Newspaper article The Record (Bergen County, NJ)

Christie's Partisan Knows One When He Sees One

Newspaper article The Record (Bergen County, NJ)

Christie's Partisan Knows One When He Sees One

Article excerpt

BRADLEY Campbell is a known partisan. This salient fact was sent out by Governor Christie's office Thursday by his spokesman, Kevin Roberts, who is not only a known partisan, but a political flak. Which means Roberts outranks Campbell when it comes to knowing partisanship.

Roberts' proverbial bun was in a twist because Campbell, commissioner of the state Department of Environmental Protection during the McGreevey administration, wrote an op-ed piece for The New York Times published Thursday criticizing the proposed deal the state made with Exxon Mobil to end an ongoing lawsuit.

The state had been seeking $8.9 billion and settled for $225 million. Why this deal was made when a judge was close to ruling on an amount is a big unanswered question. The vast difference between $8.9 billion and $225 million is obvious to anyone, even non- partisans. Few people would reasonably argue New Jersey would have been awarded $8.9 billion, but it seems unlikely that it would have come away with less than $225 million considering Exxon's culpability in years of polluting Bayonne and Linden.

Campbell initiated the lawsuit and it carried on like a plot from Dickens' "Bleak House" through subsequent administrations. Christie's administration had continued that fight, which is why the sudden settlement is startling. Campbell wrote that the governor's "chief counsel inserted himself into the case, elbowed aside the attorney general and career employees who had developed and prosecuted the litigation, and cut the deal favorable to Exxon."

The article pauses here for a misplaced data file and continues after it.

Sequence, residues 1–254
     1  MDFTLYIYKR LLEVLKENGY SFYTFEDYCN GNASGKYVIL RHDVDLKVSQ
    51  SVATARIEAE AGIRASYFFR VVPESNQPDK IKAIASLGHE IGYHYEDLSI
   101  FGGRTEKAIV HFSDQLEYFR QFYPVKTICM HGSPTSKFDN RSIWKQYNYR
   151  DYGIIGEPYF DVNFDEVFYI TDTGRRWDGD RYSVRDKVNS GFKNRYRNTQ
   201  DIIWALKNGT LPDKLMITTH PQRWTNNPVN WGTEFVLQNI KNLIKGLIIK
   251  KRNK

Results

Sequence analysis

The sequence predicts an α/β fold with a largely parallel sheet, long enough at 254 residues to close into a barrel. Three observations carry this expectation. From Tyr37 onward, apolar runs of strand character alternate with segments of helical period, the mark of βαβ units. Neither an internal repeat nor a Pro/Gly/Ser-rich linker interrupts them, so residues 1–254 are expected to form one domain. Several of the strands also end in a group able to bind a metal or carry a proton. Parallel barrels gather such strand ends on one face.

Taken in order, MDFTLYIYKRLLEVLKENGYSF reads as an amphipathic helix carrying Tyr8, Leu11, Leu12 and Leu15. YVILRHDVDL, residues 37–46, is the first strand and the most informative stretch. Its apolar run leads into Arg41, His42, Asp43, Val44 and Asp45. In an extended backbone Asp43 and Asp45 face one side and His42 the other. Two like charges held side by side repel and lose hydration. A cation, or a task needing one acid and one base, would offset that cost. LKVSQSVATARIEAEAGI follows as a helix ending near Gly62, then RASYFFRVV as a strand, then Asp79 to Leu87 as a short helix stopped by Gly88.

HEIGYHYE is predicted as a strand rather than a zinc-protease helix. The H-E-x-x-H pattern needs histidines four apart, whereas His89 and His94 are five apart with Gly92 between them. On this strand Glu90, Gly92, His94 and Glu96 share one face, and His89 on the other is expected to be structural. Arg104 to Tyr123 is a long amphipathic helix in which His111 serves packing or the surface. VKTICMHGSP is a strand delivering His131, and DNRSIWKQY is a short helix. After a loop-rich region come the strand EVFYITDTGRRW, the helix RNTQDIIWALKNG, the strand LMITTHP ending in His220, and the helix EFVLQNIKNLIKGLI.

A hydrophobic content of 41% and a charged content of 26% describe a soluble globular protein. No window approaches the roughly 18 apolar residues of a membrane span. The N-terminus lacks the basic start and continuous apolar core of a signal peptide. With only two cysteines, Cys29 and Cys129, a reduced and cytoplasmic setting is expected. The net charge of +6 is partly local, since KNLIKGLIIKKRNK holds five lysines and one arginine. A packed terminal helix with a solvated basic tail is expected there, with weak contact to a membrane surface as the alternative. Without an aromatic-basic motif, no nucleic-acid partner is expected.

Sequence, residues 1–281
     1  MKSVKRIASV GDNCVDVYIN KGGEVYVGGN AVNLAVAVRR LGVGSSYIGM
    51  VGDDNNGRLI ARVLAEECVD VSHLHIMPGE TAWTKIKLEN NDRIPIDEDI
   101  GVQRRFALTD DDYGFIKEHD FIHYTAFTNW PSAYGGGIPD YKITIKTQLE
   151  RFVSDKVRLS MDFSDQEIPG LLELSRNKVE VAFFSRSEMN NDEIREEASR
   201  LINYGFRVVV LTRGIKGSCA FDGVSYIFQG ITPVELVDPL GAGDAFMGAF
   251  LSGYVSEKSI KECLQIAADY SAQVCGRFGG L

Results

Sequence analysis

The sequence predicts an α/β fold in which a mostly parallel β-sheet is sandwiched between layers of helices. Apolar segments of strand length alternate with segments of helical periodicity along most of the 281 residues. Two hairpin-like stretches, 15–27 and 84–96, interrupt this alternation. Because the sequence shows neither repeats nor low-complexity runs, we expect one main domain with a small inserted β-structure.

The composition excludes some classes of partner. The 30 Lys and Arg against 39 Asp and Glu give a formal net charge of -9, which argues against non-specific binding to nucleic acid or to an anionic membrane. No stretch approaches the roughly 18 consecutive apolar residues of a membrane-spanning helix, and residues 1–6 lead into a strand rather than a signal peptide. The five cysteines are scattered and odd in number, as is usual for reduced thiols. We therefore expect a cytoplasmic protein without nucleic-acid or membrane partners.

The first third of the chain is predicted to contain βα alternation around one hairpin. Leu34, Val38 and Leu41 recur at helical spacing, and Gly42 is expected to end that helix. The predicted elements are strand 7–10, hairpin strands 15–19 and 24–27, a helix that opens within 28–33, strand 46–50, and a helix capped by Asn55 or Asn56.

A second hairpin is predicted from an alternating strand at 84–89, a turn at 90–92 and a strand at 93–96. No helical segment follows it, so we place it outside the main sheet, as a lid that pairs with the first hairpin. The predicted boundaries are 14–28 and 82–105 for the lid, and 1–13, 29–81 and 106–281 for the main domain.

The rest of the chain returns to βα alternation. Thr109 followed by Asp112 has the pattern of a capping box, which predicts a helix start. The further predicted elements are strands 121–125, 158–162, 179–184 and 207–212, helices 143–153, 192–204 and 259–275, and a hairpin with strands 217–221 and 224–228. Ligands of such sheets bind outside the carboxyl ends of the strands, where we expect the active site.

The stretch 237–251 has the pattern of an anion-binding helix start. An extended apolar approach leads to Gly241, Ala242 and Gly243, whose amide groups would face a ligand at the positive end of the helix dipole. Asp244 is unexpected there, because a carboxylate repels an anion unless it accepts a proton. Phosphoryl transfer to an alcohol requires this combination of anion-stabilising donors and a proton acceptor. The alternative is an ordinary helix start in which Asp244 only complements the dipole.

Those are serious charges, and given the political climate, I would not take anyone solely on their word. Yet something does not smell right. Logic would have the Christie administration wait for a judge's ruling. The case has been fought for so long, to end it at this stage seems an odd calculation. Unless the state needed cash now to fill budget holes.

Gov. James McGreevey was not above such tactics. He monetized the state's share in the federal tobacco settlement to pay for state operating expenses, a practice ruled unconstitutional by the state Supreme Court. If Christie realized that you can still get a lot of hamburger out of a third of a cow and settled low, he would not be the first chief executive to have come to that conclusion.

In Christie's case, the hamburger may be tainted. The governor is pursuing a possible presidential run, and Exxon has been a large contributor to the Republican Governors Association, which Christie headed last year. The appearance of the thing is bad.

What makes the governor's press release sound desperate rather than convincing is the examples Roberts uses to discredit Campbell. Roberts quotes from two Star-Ledger articles in which Campbell says a settlement with Exxon could run into the hundreds of millions of dollars and that a settlement might be preferable to a judicial ruling. …

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